By DAVID SALCIDO
There was recently an editorial in the Pitt News framing the case for a faculty union in terms of the present COVID-19 crisis. The piece curiously omits the substantial role of shared governance in the University’s response and formulation of plans, but even so it serves as a timely reminder that faculty representation is especially important right now.
While I am faculty union agnostic, I am sympathetic to the motivations and goals of our union colleagues with respect to ensuring our faculty are effectively represented at Pitt. I think it is fair to say that the University Senate and the faculty union share the same fundamental principles in this respect, despite different approaches.
Right now, I believe there is still potential in the University Senate to answer many of the concerns our union colleagues raise through the shared governance apparatus we currently have. This mechanism has a history, and it has shown itself to be effective for a diverse array of issues. To say (or assume) that it has failed during the present crisis, a crisis with absolutely no precedent in living memory, and before the crisis is even over, is unfair. The time to make that judgment will come later, and we will take that evaluation with utmost seriousness.
For the moment, shared governance, including the Senate, remains engaged in tackling the crisis, and faculty can and should use all channels available to make sure that their views are represented.
To be clear, it would also be unfair to say the current shared governance system is ideal. Right now, the Senate offers the faculty very little in the way of binding recourse to major decisions that impact their lives. Historically, this might not have mattered because dialogue could progress over prolonged periods and issues could wax and wane. But here we are in a situation where decisions must be made on a narrow time scale, yet consequences may be irreversible and long lasting.
A theme that I have heard recurrently during the past four months is, “What can we do? What are our options?” This has come up in Senate meetings that have seen unprecedented participation, despite or perhaps because of the current remote format. In this setting, the answers are not satisfying to anyone. We can advise against. We can communicate objections. But we cannot say “No.” This needs to change.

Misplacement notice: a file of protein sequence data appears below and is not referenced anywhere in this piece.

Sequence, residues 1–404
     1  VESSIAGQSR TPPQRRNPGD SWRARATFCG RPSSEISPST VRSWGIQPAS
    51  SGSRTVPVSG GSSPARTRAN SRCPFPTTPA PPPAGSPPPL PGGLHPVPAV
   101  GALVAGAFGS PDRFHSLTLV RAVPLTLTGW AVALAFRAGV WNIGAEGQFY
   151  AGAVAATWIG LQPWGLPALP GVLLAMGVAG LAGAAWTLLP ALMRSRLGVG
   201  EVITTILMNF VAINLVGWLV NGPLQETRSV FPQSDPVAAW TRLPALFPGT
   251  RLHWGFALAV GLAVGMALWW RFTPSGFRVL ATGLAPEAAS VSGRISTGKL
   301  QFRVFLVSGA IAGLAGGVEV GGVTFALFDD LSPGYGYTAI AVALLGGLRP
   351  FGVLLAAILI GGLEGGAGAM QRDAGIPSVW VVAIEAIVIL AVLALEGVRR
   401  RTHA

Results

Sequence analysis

I want to suggest one way in the short term that the Senate can be improved and empowered, and with sober reflection assuredly will not wreck the operational agility of the University:
A majority vote in the Senate Council should be binding to approve or send for revision any current, amended or new University-wide policy or procedure.
It is time for Senate votes to carry more than symbolic meaning. It is time to trust the Senate with legitimate power. Not only is this level of faculty representation long overdue, the present crisis warrants a substantive acknowledgement of the burdens faculty share with the University as a whole. I previously made the argument this should come in the form of compensation, but budgets are tight and that argument was dismissed. Fair enough. Yielding us this significant power instead is cheap, and there is no indication that the historically reliable Senate will misuse it.
David Salcido is the University Senate vice president and a non-tenure-stream research assistant professor in the School of Medicine. He receives significant compensation in the form of research funds for his Senate service and believes you should, too. Service matters.